“I am Charlotte Simmons” by Thomas Wolfe, which is about a young woman who is in her first year of college at a fictional university.
“Anna Karenina” by Leo Tolstoy, a book filled with passion, excitement, depression and spirituality, a manic roller coaster that may represent some of what you will experience in college.
“Lean In” by Sheryl Sandberg, Facebook’s chief operating officer, which addresses gender equality in the workplace and helps us to lean into our lives with zest.
“Uncle Tom’s Cabin” by Harriet Beecher Stowe, which deals with racism and prejudicial behaviors and teaches us to curtail judgment of our own and other races.
“The Giver” by Lois Lowry, which deals with a world where there is no poverty, crime, sickness, unemployment but has a hidden hypocrisy and reminds us of what is important in life.
You’re on your way to college soon, and you may wondering what you should and shouldn’t bring. So, we’re here to help you. We don’t want you to be stuck with a lot of stuff that you don’t need or with a whole bunch of the wrong stuff.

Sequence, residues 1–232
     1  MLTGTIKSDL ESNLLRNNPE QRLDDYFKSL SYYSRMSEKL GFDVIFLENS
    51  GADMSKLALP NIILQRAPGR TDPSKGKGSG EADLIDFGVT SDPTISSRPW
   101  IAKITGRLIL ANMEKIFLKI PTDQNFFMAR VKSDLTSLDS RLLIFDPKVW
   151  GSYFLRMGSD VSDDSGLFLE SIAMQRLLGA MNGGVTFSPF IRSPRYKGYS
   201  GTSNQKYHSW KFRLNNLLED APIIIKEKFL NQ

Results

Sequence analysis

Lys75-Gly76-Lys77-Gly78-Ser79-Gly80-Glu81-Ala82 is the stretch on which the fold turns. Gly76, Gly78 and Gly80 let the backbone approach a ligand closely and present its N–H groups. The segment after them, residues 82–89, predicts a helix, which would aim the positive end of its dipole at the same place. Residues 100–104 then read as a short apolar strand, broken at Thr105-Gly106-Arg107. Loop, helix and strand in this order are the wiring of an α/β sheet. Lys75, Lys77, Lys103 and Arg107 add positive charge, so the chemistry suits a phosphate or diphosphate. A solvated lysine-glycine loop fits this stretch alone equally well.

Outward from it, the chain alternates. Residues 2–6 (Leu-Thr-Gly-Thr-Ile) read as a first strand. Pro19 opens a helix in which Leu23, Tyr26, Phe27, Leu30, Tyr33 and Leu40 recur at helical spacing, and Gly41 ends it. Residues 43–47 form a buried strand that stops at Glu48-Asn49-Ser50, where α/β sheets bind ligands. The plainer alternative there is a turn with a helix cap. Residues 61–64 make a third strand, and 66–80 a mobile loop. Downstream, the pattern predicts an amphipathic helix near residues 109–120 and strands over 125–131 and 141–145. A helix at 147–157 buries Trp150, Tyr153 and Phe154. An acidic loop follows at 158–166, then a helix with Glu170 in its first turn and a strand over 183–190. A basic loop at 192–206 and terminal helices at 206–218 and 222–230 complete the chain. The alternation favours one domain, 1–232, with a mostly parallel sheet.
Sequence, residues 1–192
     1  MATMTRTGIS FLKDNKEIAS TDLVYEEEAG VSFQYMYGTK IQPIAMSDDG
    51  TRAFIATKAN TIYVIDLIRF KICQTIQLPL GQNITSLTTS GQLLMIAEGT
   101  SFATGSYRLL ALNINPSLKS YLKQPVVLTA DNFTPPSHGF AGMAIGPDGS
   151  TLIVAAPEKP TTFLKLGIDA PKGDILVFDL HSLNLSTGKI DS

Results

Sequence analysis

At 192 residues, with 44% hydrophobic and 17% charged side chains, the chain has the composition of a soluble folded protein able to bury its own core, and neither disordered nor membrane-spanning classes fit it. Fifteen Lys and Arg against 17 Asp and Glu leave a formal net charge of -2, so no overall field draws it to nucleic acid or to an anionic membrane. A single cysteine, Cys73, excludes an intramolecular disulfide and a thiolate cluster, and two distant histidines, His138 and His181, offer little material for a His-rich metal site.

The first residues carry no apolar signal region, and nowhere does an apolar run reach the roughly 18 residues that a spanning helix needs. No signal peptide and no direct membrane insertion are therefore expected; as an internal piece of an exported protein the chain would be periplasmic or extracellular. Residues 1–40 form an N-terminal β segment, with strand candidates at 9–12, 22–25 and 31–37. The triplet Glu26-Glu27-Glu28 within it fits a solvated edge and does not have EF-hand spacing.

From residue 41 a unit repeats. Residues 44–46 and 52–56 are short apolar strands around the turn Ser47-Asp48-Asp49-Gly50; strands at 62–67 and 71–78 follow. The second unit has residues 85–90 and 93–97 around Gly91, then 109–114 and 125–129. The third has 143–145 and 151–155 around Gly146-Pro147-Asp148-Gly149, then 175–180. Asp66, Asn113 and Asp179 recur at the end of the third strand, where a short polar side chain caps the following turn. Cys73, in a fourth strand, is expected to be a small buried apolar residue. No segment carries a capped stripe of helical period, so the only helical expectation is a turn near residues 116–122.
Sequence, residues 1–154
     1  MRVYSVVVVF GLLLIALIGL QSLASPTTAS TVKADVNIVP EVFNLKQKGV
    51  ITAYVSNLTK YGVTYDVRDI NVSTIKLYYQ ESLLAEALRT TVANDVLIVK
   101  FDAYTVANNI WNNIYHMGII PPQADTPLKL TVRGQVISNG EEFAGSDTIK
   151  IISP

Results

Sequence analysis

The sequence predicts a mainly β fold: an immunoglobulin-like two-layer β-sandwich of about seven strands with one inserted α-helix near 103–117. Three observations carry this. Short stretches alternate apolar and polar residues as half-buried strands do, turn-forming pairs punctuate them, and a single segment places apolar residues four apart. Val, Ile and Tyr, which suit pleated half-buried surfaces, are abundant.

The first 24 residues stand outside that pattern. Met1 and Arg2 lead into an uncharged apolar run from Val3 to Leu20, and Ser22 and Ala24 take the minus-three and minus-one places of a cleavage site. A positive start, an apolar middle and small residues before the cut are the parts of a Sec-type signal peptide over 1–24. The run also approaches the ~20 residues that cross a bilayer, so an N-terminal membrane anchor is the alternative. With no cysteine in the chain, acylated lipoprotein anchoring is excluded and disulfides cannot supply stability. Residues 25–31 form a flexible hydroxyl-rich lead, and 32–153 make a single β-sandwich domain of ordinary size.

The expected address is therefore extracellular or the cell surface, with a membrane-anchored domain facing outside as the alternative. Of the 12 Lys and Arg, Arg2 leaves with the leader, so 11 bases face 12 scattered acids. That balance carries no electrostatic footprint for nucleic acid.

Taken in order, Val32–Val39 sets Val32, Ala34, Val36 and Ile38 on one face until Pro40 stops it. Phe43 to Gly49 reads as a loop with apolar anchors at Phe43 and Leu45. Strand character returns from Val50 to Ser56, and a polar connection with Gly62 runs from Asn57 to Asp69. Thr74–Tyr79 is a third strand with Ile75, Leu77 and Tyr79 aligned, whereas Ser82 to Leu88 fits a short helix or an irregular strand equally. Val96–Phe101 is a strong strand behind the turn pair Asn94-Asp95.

John Iadarola and Lisa Ferguson from TYT University suggest you don’t bring:
- New textbooks. Choose used ones instead.
- Top-of-the-line laptop or desktop if you’re going to use it just for writing papers.
- A printer, since many schools provide printing services to its students.
- Credit card, unless you can control your spending and rack up too much debt.
Watch them explain their choices:
As for what to bring, check your school’s website, which should list some of the things you should (and shouldn’t) bring to campus.
If you’ve been through this already and have some of your own suggestions, let us know so we can share them.
Unless you’re Donald Trump – or his son or daughter – money is probably pretty tight while your son or daughter (or you) are on campus. That’s the bad news. But the good news is there are great discounts you can take advantage of to save a little coin.